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I found this definition by Oxford Dictionaries for "rushed":

Done or completed too hurriedly; hasty.1

I think it works and fits with the phrase below:

When the stillness shattered and his fury rushed at me, I would know that something I had done was the catalyst, the cause.

but I am not sure. So,

  • could you please explain it to me?

  • Could you please tell me what "the strange sorcery of physics" is? (which she believes has saved her.)

“You talk much to Audrey?” he said.
“Not really,” I said.
He seemed to relax, then he said, “Audrey is a lying piece of shit.” I looked away, fixing my eyes on the church spire, visible against the light from the stars.
“I’d put a bullet in her head,” Shawn said, and I felt his body shift toward me.
“But I don’t want to waste a good bullet on a worthless bitch.”

It was crucial that I not look at him. As long as I kept my eyes on the spire, I almost believed he couldn’t touch me. Almost. Because even while I clung to this belief, I waited to feel his hands on my neck. I knew I would feel them, and soon, but I didn’t dare do anything that might break the spell of waiting. In that moment part of me believed, as I had always believed, that it would be me who broke the spell, who caused it to break. When the stillness shattered and his fury rushed at me, I would know that something I had done was the catalyst, the cause. There is hope in such a superstition; there is the illusion of control.

I stayed still, without thought or motion.
The ignition clicked, the engine growled to life. Warm air flooded through the vents.
“You feel like a movie?” Shawn said. His voice was casual. I watched the world revolve as the car spun around and lurched back to the highway. “A movie sounds just right,” he said.
I said nothing, unwilling to move or speak lest I offend the strange sorcery of physics that I still believed had saved me. Shawn seemed unaware of my silence. He drove the last mile to Buck’s Peak chatting cheerfully, almost playfully, about whether to watch The Man Who Knew Too Little, or not.

Educated by Tara Westover

2

According to Cambridge Dictionary (and according to what we know about Shawn)

rush

[DO QUICKLY] to (cause to) go or do something very quickly
[ATTACK] If a group of people rush an enemy or the place where an enemy is, they attack suddenly and all together

I think that the author is combining those two meanings.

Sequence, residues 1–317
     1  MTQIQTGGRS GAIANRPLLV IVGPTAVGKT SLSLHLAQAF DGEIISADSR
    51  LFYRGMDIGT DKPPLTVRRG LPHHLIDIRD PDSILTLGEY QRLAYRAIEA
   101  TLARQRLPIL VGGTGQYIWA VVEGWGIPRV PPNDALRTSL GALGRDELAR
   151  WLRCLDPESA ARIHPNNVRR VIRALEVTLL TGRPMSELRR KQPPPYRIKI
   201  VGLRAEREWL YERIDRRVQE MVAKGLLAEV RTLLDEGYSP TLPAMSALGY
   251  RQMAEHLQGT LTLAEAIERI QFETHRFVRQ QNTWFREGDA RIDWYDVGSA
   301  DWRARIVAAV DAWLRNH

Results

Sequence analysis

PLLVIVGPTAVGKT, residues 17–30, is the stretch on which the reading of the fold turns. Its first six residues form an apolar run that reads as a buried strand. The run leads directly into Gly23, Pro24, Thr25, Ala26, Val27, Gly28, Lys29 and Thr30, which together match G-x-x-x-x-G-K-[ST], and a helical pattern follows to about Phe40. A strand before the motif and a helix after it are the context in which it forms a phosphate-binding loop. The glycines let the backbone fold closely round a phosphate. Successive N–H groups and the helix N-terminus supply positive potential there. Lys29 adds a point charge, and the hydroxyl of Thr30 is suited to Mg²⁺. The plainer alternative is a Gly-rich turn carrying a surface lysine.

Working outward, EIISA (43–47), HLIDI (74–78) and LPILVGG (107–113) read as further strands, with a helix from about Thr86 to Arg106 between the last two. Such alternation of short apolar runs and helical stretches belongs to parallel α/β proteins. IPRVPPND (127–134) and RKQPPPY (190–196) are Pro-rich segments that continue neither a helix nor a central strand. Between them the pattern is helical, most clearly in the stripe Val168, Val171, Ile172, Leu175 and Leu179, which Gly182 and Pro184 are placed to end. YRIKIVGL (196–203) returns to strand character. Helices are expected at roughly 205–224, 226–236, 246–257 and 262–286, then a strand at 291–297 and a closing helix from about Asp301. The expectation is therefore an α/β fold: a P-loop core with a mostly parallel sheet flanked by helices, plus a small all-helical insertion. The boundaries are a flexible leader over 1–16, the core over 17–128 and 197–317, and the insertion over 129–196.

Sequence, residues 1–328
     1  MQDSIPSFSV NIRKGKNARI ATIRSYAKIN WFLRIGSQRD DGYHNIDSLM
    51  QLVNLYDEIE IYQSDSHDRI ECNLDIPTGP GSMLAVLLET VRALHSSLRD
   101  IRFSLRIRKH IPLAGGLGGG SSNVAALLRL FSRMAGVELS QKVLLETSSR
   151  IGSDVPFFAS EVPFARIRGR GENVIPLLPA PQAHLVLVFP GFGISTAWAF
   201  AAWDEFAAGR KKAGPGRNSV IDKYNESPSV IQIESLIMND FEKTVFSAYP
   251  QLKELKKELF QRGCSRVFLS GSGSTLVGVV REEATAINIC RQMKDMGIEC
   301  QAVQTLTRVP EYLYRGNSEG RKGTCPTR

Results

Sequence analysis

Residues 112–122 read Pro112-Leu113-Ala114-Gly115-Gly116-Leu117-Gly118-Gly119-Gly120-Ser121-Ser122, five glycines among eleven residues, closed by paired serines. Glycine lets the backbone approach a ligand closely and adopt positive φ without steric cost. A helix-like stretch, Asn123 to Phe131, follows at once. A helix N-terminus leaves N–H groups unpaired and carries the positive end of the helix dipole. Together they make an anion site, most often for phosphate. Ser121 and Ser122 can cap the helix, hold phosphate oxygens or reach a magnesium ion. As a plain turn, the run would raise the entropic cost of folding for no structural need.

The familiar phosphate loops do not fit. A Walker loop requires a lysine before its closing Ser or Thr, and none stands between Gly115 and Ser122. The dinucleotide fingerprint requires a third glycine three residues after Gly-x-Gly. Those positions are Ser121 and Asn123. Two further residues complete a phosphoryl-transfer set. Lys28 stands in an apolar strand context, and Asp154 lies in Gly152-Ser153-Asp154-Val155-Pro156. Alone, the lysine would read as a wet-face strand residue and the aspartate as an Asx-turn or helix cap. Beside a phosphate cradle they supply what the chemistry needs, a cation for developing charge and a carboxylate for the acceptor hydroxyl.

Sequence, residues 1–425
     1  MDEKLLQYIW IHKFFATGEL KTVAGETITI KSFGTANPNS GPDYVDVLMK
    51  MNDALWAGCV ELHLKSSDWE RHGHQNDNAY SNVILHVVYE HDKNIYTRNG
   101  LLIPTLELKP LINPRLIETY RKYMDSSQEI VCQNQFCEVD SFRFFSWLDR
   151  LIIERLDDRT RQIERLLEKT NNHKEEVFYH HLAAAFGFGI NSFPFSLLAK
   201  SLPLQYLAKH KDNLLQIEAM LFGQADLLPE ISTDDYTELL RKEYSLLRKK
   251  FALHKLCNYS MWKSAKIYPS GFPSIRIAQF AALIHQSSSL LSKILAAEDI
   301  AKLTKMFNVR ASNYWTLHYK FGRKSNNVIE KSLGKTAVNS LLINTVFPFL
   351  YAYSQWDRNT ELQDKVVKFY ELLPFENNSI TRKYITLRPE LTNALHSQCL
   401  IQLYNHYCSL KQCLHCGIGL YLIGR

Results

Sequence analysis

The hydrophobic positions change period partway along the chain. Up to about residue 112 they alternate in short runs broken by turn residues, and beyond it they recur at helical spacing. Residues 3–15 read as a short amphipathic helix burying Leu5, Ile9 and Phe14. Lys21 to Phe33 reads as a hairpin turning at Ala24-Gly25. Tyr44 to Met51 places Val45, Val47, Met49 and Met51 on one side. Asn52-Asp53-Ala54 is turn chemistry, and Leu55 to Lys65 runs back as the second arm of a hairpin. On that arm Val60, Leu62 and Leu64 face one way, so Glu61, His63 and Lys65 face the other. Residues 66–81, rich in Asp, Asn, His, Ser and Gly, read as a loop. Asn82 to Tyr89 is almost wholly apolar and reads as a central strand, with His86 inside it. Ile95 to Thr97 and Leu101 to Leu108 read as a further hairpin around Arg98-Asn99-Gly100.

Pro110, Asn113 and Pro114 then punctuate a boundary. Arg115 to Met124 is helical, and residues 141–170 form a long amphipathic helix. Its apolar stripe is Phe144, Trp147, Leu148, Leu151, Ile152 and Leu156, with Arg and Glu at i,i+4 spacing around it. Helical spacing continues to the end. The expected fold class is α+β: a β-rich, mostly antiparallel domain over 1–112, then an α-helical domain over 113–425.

And about

the strange sorcery of physics

She is describing her brother's violent behaviour as some sort of chemical reaction with words like catalyst. Also, she uses a metaphor alluding to some sort of principle of action-reaction [physics]: If she says anything (action), her brother will choke her with his hands (reaction). She didn't dare say a word because that act could break the spell, offending the strange sorcery of physics.

I think that it's not right to mix magic (sorcery) and science (physics) in the same metaphor. But the protagonists seem to be very superstitious and uneducated, maybe both things are the same from their point of view.

  • You mean Shawn attacted quickly? But there is no sign of any attact in the text.Vice versa it shows that the anger of Shawn is come down. – Peace Jun 19 '18 at 10:29
  • @Peace She is remembering past actions. In previous occasions "when the stillness shattered and his fury rushed at me, I would know that something I had done was the catalyst, the cause". Almost everytime when he has hit her, it's because she had done something. At least in her mind. In this exact occasion, she is trying to remain perfectly still, just staring to the church, to not disturbe him. – RubioRic Jun 19 '18 at 10:35
  • What do you mean when you say "Almost everytime when he has hit her"? – Peace Jun 19 '18 at 10:39
  • @Peace, I haven't read the book, just the pieces that you post. It's in the text above. I think that she is talking in general, not just about that specific moment. The "needle day", she did something that upset him, didn't she? – RubioRic Jun 19 '18 at 10:46
  • Yes she did, but I think agaist you: she's talking about the specific moment. it seems she has found a new solution: Silence. But I still cannot understand the phrase "his fury rushed at me" in relate to the text. – Peace Jun 19 '18 at 10:56
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When the stillness shattered and his fury rushed at me, I would know that something I had done was the catalyst, the cause.

The protasis (the dependent clause) “When the stillness shattered…” expresses the condition while the apodosis (the main clause) “I would know…” expresses the consequence. The whole sentence refers to a possible future event written in the past. This type of construction is also known as future in the past

If Shawn's rage exploded, she knew that the responsibility for that event was hers: “…something I had done was the catalyst,…”.

If we swap the simple past tense in the dependent clause with the simple present, and the past perfect (I had done) with the past simple (I did) the meaning should become clearer.

When the stillness shatters and his fury rushes at me, I'll know that something I did was the catalyst, the cause.

In the story, however, we learn that the silence (stillness) in the car was not broken (shattered), consequently Shawn's anger (fury) did not explode like a bomb or careen out of control (rushed).

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